Back in March, my good friend Simon Jones – now employed by that august body, SiriusDecisions – helped us to create a really useful presentation, entitled: “Goldilocks and the Three Bears of Marketing Automation”.
In the presentation, he clearly identifies five stages in an organisation’s development of its digital marketing technology stack towards a fully integrated marketing automation platform.
The diagram above shows how an organisation will typically, as a start-up, build its website as step one. From there, the organisation extends its website’s functionality by including Calls-to-Action (CTAs), forms for data capture, tools for search engine optimisation, a blogging platform for content and landing pages to improve conversion rate.
After steps one and two (outlined above) the organisation would continue to add further marketing and sales tools in stages, including email, a CRM, a contacts database, social media management and listening and online PPC advertising. All of these tools then amalgamate, coming together to form a sophisticated and operationalised marketing and sales platform, one that includes marketing automation, lead scoring, web personalisation, detailed analytics and integration, through some form of API, into other systems.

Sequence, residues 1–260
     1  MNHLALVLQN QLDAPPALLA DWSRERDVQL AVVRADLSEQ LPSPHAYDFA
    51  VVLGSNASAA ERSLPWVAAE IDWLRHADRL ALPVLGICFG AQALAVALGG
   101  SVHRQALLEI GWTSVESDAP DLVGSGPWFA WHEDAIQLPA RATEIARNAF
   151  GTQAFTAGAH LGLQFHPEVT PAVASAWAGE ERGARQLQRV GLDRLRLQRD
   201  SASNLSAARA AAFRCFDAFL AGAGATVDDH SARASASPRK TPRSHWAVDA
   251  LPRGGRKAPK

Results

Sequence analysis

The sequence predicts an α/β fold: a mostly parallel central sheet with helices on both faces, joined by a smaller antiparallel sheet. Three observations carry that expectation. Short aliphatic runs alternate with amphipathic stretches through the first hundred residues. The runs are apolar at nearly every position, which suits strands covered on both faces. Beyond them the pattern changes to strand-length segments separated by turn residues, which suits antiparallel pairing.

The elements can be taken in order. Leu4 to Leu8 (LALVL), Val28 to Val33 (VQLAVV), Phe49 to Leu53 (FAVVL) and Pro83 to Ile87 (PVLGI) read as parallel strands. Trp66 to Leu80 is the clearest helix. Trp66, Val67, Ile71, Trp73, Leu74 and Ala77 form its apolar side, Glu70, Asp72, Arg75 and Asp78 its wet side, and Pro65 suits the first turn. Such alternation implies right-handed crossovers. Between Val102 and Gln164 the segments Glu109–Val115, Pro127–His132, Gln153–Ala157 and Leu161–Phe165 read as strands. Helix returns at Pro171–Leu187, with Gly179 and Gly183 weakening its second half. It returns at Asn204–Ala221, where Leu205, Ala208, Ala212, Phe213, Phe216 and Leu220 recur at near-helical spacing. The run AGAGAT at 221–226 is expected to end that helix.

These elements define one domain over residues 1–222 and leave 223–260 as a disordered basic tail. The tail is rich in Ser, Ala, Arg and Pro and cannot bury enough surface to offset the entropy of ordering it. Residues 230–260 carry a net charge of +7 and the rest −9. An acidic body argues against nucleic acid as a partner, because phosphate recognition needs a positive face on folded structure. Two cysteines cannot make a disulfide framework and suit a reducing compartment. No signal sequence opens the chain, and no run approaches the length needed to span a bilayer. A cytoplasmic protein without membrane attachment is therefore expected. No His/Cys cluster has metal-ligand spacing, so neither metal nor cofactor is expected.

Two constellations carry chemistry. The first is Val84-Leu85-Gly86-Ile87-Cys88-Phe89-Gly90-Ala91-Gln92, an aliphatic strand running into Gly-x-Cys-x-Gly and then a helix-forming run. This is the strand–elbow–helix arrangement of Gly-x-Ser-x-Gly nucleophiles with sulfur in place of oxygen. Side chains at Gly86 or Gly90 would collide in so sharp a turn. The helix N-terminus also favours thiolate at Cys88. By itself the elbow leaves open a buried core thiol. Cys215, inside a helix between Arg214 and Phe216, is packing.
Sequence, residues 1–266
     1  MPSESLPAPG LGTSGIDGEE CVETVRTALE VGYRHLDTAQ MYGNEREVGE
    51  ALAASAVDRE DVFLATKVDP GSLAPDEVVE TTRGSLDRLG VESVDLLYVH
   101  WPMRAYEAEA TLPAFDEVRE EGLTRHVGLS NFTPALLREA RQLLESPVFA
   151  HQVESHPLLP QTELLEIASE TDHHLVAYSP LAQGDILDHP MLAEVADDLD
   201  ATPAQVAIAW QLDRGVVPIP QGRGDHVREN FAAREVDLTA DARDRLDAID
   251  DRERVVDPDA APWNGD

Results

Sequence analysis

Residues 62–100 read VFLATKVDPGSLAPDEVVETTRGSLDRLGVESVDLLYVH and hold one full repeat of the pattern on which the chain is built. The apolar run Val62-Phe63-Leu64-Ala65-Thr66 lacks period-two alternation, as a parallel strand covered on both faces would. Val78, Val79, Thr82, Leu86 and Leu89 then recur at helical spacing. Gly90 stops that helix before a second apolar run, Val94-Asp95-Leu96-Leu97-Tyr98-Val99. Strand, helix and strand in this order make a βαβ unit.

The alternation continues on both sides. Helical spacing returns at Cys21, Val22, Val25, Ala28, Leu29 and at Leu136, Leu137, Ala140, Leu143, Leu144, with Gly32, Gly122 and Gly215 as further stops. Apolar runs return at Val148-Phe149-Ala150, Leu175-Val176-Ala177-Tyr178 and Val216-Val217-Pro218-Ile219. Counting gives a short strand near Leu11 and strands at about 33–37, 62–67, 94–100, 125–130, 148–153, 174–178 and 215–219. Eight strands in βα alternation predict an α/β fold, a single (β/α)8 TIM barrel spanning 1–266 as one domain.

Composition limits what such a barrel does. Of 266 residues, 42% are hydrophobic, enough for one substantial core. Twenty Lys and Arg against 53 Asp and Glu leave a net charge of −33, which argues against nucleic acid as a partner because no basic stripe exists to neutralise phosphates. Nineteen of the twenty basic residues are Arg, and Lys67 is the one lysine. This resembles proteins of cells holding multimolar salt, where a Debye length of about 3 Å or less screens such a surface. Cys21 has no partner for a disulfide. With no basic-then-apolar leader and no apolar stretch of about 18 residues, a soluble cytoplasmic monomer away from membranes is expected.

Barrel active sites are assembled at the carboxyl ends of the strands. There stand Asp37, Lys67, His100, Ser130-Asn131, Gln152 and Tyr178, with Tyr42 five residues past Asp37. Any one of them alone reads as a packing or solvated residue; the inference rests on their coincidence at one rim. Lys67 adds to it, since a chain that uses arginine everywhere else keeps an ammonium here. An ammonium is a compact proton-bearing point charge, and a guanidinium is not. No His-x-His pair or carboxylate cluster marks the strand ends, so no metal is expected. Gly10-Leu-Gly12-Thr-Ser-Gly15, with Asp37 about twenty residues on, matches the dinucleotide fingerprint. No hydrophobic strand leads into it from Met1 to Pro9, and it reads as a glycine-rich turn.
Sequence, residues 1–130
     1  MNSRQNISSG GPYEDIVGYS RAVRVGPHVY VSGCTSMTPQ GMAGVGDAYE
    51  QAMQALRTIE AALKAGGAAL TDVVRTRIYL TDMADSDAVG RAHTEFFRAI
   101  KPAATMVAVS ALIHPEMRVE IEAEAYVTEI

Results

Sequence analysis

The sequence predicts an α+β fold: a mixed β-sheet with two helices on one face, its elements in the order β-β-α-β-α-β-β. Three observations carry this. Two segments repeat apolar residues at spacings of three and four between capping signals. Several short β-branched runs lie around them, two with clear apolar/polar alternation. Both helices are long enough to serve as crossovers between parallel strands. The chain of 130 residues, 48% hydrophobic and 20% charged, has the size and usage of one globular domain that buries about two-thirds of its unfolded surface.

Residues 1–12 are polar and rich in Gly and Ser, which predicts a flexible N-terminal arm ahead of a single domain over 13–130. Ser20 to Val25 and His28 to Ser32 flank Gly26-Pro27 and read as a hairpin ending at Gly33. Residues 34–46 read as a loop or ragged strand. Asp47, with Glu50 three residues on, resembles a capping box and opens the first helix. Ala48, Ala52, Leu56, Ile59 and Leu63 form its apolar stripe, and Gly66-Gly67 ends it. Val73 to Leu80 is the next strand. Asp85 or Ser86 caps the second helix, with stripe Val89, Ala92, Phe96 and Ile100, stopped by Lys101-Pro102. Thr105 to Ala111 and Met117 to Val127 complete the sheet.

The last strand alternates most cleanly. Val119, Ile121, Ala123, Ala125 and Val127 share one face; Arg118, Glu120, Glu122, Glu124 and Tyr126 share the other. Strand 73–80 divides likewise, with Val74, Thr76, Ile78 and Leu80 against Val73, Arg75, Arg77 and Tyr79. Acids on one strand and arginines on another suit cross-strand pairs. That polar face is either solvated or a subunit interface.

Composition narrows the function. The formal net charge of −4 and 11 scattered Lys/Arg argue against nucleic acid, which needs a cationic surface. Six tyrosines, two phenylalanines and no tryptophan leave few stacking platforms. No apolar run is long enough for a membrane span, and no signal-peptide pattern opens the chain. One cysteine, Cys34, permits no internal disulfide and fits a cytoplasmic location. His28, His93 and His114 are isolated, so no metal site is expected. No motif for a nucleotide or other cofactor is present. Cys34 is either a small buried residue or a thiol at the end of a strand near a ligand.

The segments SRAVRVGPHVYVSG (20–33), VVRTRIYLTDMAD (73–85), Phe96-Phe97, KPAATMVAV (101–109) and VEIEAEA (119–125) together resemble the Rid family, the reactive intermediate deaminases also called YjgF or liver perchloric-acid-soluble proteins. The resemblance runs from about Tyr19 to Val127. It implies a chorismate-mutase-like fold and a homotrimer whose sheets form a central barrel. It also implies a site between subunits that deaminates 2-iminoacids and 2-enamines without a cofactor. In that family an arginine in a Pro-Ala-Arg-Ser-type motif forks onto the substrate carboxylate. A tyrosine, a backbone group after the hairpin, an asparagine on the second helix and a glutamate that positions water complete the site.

This journey is something which many companies have embarked upon and the result is a complex array of technologies which requires them to integrate, manage and sometimes battle with differing tools, passwords, interfaces and versions of the truth.
In building your marketing technology stack, it’s worth considering some of the complexities that you will face in the process.
- Technology management
With a platform comprised of an array of differing tools, keeping them all up to date with the latest updates is difficult. You either outsource the management of your software and pay someone else to do it for you, or you spend time doing it yourself.
There’s also compatibility to take into account; not every add-on will work with your existing technology stack and those that do, might not work after they have been updated. As you have a series of independent tools, all from different providers, you are banking on them being able to work together with each subsequent software update.